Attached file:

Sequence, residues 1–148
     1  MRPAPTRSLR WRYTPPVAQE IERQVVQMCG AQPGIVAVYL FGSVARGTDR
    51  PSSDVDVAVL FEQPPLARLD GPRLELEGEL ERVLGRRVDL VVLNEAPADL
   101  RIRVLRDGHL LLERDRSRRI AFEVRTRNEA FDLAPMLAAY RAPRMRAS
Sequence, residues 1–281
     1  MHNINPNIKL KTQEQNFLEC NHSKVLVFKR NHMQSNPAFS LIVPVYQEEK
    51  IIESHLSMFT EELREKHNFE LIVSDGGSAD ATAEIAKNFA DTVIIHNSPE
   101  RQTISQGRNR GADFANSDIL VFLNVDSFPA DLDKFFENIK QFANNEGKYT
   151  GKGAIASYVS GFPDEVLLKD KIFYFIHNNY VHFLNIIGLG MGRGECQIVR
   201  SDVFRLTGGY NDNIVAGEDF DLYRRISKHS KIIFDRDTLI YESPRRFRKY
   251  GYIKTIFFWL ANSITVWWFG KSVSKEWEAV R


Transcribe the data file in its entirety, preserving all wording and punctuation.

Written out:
Sequence, residues 1–148
     1  MRPAPTRSLR WRYTPPVAQE IERQVVQMCG AQPGIVAVYL FGSVARGTDR
    51  PSSDVDVAVL FEQPPLARLD GPRLELEGEL ERVLGRRVDL VVLNEAPADL
   101  RIRVLRDGHL LLERDRSRRI AFEVRTRNEA FDLAPMLAAY RAPRMRAS
Sequence, residues 1–281
     1  MHNINPNIKL KTQEQNFLEC NHSKVLVFKR NHMQSNPAFS LIVPVYQEEK
    51  IIESHLSMFT EELREKHNFE LIVSDGGSAD ATAEIAKNFA DTVIIHNSPE
   101  RQTISQGRNR GADFANSDIL VFLNVDSFPA DLDKFFENIK QFANNEGKYT
   151  GKGAIASYVS GFPDEVLLKD KIFYFIHNNY VHFLNIIGLG MGRGECQIVR
   201  SDVFRLTGGY NDNIVAGEDF DLYRRISKHS KIIFDRDTLI YESPRRFRKY
   251  GYIKTIFFWL ANSITVWWFG KSVSKEWEAV R